Apr 15, 2013
Fury: a Boy, his Buddy, and a Horse
Born in 1943, he was discovered by a talent scout and put to work in 1952. In 1955, with a string of small parts on his resume, Bobby was cast as the lead in the boy-and-horse melodrama Fury (1955-60).
It was set in the modern Wild West: orphaned Joey is adopted by rancher Jim Newton (Peter Graves) and given a horse named Fury, who performs a function similar to Lassie, rescuing Joey when he gets into scrapes or, if stymied by the lack of opposable thumbs, running for help.
Though Bobby was an adolescent during the course of the series, he was generally excused from expressing heterosexual interest (he gets a crush on a girl in one episode).
The producers did give Joey a series of best friends to get into scrapes with, notably Packy (Roger Mobley), Pee Wee (Jimmy Baird), and Buzz (Stuffy Singer), but they didn't express any heterosexual interest, either. The episode "Pee Wee Grows Up" would today mean getting a girlfriend, but in 1956 it meant signing up for a bodybuilding course.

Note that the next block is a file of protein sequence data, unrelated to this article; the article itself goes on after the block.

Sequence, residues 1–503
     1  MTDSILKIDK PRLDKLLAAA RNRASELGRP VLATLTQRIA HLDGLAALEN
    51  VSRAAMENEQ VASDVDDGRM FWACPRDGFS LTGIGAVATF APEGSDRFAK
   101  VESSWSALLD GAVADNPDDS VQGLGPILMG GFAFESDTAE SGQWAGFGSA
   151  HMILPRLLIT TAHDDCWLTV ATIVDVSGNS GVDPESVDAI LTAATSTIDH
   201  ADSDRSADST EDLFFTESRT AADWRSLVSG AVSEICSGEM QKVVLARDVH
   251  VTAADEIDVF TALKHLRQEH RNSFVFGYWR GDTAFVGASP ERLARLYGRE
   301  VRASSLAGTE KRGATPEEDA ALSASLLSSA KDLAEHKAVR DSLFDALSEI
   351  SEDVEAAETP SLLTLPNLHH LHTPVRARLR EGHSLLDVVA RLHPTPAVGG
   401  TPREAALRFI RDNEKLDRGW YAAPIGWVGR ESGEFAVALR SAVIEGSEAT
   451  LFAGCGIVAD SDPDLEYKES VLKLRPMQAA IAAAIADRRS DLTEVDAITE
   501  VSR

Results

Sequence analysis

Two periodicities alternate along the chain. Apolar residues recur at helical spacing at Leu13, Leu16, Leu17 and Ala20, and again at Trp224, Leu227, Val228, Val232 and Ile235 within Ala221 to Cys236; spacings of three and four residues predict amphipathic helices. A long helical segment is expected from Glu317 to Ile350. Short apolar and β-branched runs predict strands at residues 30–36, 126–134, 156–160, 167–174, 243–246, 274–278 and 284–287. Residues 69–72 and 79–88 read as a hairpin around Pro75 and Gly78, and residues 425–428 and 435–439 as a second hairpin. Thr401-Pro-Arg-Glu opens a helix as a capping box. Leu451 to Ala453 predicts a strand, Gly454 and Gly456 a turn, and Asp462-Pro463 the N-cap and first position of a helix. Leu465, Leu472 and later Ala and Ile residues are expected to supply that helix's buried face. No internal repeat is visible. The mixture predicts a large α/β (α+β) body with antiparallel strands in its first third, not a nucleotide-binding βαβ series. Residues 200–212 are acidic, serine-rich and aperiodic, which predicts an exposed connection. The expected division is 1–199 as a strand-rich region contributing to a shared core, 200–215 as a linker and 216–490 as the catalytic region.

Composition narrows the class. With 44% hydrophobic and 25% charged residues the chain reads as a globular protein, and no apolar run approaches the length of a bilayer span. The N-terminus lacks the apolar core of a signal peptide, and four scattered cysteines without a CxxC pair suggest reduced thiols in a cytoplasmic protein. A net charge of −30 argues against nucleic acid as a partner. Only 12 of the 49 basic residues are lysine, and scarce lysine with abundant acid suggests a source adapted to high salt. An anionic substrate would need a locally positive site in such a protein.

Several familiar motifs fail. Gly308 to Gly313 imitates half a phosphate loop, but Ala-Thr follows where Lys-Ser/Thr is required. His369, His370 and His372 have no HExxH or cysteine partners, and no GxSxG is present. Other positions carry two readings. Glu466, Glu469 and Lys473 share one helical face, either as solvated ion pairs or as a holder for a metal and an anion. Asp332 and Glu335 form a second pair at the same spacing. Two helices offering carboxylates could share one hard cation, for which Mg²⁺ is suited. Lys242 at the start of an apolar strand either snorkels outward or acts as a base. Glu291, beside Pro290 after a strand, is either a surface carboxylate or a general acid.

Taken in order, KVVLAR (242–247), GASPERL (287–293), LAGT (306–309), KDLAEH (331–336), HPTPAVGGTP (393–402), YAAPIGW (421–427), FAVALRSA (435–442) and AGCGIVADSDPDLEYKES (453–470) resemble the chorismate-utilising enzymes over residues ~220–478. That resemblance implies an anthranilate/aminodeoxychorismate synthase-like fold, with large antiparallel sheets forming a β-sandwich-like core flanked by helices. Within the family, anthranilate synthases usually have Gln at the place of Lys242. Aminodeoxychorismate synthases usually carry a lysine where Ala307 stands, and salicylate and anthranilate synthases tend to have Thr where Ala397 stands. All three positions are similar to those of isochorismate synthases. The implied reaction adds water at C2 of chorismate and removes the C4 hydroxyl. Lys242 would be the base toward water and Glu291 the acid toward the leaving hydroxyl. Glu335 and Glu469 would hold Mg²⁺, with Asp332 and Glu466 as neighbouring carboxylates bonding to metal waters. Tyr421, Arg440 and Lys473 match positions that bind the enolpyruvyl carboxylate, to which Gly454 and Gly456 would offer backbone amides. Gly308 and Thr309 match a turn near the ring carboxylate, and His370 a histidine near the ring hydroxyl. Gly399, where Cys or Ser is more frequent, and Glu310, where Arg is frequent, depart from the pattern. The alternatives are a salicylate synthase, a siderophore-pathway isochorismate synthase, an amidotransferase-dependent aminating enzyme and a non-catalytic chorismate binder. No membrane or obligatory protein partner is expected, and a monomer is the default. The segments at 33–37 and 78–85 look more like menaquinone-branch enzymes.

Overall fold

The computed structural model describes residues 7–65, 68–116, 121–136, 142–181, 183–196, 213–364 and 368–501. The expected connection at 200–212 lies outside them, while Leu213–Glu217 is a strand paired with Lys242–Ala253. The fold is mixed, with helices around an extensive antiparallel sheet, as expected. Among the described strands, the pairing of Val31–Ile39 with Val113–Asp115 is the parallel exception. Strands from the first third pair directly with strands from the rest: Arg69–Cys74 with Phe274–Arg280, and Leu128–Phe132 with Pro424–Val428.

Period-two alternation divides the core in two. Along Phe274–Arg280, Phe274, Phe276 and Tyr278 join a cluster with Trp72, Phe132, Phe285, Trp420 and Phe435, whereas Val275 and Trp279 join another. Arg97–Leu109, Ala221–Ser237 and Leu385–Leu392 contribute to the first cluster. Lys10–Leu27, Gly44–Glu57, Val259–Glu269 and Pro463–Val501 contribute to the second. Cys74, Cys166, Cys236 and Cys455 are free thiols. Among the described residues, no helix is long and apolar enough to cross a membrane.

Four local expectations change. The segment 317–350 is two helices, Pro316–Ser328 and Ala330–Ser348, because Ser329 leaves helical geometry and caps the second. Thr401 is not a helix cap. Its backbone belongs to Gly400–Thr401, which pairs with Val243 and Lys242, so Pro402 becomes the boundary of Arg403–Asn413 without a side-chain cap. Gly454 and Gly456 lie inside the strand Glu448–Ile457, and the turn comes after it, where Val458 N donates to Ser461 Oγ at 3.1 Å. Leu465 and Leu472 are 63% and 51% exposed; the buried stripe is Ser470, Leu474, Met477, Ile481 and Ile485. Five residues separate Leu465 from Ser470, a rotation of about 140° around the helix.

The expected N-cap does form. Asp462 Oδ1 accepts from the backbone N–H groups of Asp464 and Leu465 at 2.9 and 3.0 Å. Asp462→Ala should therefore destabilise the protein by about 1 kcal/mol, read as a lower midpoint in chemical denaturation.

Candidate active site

In an attempt to keep Joey a "kid," the producers had to constantly hide his increasing height, deepening voice, and hardening muscles. Only a few episodes apparently allowed the teen idol to drop his shirt or appear in a swimsuit.
After Fury, Bobby was offered My Three Sons, but instead he decided to become the only son of Nannette Fabray in her one-season flop. Then he starred in The Many Loves of Dobie Gillis (1962-63) as Dobie's innocent cousin Dunky, and guest starred on Wagon Train, The FBI, Mr. Ed, and Lassie.
Bobby earned a law degree in 1970, specializing in personal injury and medical malpractice, and retired from acting, though he has occasionally done some voice work (center, with Lassie stars Tommy Rettig and Joey Viera).